Council elects to vote in new permit-style animal ordinance

 By Jessica Benz


Terry Town Council has put to rest a four-month deliberative process regarding the housing of livestock within the town limits.  The council voted unanimously for a new permit-style animal ordinance that will require yearly permits to house livestock within town limits, excluding areas north of the Burlington Northern Santa Fe Railroad. The new ordinance will likely come into affect by spring.

     Although the decision by the council was unanimous, the viewpoints shared by the nearly 20 residents attending the Tuesday evening regular meeting were not. 

“I’m in favor of it and I’m in favor of our council making the decisions,” Terry resident Clinton Rakes said. Chip Mintz expressed a differing view, explaining why he felt the matter should go before a public vote.

        “My feeling is this thing is contentious and I think because of that, this thing should be put up for a vote,” Mintz said.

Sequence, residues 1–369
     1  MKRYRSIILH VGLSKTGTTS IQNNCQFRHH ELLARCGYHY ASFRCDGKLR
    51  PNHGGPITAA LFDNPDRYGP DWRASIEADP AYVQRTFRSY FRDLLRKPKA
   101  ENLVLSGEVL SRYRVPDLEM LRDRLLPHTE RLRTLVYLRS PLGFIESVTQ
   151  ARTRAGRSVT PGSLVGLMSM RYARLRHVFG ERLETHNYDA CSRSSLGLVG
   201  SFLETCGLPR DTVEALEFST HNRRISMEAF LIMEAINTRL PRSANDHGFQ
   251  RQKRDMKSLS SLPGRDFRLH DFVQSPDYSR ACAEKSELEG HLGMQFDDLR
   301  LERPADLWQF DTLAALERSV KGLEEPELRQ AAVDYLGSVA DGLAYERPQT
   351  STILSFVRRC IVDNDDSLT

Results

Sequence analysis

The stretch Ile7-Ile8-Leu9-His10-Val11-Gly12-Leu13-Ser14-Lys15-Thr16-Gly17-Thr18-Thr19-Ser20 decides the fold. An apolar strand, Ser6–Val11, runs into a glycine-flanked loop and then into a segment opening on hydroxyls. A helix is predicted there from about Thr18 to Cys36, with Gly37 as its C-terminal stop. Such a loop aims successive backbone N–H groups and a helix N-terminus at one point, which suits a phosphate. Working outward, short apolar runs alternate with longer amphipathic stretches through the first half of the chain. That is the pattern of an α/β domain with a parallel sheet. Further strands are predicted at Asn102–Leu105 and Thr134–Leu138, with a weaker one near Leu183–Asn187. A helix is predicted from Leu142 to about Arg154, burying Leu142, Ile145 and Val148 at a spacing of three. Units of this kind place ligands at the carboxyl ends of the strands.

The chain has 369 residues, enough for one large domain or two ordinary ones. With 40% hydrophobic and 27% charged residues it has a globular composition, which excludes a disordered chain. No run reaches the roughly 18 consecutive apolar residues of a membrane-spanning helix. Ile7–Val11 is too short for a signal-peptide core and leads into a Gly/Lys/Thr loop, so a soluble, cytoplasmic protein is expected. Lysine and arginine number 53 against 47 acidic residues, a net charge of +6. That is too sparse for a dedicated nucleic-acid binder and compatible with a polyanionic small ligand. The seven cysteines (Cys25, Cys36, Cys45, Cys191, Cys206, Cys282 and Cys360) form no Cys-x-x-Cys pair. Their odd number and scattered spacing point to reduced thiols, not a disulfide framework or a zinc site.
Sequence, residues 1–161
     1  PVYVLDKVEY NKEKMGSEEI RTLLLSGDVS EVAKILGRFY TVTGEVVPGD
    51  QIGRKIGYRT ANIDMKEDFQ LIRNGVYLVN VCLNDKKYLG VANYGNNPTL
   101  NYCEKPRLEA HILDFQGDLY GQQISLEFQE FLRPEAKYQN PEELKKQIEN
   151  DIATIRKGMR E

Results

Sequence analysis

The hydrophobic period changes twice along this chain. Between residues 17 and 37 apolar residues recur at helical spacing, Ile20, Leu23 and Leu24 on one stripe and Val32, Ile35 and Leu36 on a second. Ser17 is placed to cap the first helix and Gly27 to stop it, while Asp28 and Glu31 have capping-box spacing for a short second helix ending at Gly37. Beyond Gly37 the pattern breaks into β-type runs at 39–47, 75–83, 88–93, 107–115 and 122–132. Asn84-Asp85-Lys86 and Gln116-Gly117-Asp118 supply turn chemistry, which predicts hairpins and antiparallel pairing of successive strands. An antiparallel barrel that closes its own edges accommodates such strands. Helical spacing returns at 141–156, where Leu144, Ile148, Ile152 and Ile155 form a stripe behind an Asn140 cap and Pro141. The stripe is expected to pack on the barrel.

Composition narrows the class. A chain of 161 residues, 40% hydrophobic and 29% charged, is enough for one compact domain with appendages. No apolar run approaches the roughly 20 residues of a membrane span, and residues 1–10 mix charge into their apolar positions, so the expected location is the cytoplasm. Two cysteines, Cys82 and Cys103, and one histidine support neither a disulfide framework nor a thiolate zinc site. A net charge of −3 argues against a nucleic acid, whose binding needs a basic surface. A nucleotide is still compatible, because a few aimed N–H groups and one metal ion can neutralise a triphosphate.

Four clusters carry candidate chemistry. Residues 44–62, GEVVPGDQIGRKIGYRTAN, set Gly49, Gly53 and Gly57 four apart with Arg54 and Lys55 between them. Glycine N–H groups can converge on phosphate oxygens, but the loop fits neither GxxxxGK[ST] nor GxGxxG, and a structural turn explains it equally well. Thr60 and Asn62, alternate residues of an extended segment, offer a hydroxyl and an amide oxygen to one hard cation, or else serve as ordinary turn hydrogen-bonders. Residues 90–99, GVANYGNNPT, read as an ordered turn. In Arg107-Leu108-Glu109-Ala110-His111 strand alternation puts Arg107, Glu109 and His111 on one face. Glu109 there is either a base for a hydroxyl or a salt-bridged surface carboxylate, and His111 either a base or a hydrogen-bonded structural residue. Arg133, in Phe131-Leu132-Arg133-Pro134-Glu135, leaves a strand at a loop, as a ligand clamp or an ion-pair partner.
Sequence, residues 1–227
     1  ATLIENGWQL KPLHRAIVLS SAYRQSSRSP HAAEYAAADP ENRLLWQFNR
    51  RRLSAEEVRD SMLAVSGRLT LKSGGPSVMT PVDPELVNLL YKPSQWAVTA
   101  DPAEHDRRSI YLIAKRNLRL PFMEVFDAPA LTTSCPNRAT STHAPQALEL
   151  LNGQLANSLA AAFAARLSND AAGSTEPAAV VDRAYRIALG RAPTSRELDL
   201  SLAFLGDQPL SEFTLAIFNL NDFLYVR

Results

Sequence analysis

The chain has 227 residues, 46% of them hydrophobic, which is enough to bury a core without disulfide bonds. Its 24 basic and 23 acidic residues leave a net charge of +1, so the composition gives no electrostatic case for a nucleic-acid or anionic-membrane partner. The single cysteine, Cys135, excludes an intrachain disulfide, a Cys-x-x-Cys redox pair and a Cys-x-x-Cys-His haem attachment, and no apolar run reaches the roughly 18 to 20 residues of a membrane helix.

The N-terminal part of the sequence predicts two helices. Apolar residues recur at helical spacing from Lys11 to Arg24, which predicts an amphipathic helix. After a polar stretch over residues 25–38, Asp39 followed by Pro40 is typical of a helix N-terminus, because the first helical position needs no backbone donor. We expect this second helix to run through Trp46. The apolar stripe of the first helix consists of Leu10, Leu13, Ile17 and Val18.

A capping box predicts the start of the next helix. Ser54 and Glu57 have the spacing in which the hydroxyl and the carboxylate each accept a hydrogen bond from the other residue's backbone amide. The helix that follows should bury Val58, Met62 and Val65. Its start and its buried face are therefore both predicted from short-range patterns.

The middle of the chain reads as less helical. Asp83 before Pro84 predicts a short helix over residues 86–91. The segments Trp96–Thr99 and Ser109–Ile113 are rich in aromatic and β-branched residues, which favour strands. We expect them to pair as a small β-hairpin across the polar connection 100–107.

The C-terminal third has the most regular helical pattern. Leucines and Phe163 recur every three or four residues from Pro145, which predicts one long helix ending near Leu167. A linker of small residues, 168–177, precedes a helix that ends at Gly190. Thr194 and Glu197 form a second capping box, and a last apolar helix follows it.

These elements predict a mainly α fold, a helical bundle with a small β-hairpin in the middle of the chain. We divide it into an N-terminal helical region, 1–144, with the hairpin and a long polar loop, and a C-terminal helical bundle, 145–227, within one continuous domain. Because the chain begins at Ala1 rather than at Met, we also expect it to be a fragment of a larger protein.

“If this goes to a vote, how many other things will have to go to a vote?” Councilman Josh Helmuth asked.

Councilman Ron Kiosse pointed to phone calls he had received regarding the matter, noting all ended with residents telling him he was elected as a councilman, he should do his job and vote in favor of the ordinance.

No calls were received opposing the ordinance, according to councilmen. 

Joe Johnson also spoke in opposition to the ordinance. 

“I've lived here for 70 years, and I'm against this thing,” he said.

“We do have elections coming up in the next five months. If you deem that it's necessary to go to a vote, there's no additional expense to the town,” Mayor Marvin Varner told council members prior to the vote.

Mayor Varner performed an informal poll, questioning who thought the issue should go before a vote, and who thought the issue should simply go before the council.  The informal vote of audience members ended in a 10-10 tie. When queried, more hands among the general public went up in support of a public vote, while the hands of those at the table, including members of the town council, as well as town attorney Dale Hubber, and town clerk Caryn Rein universally supported letting the decision go before the council, and not onto a ballot.  

In the face of the ambiguous outcome of the poll, Mayor Varner stated that the choice was in the hands of the council. At which time the council opted to vote on the issue rather than placing it on a ballot. 


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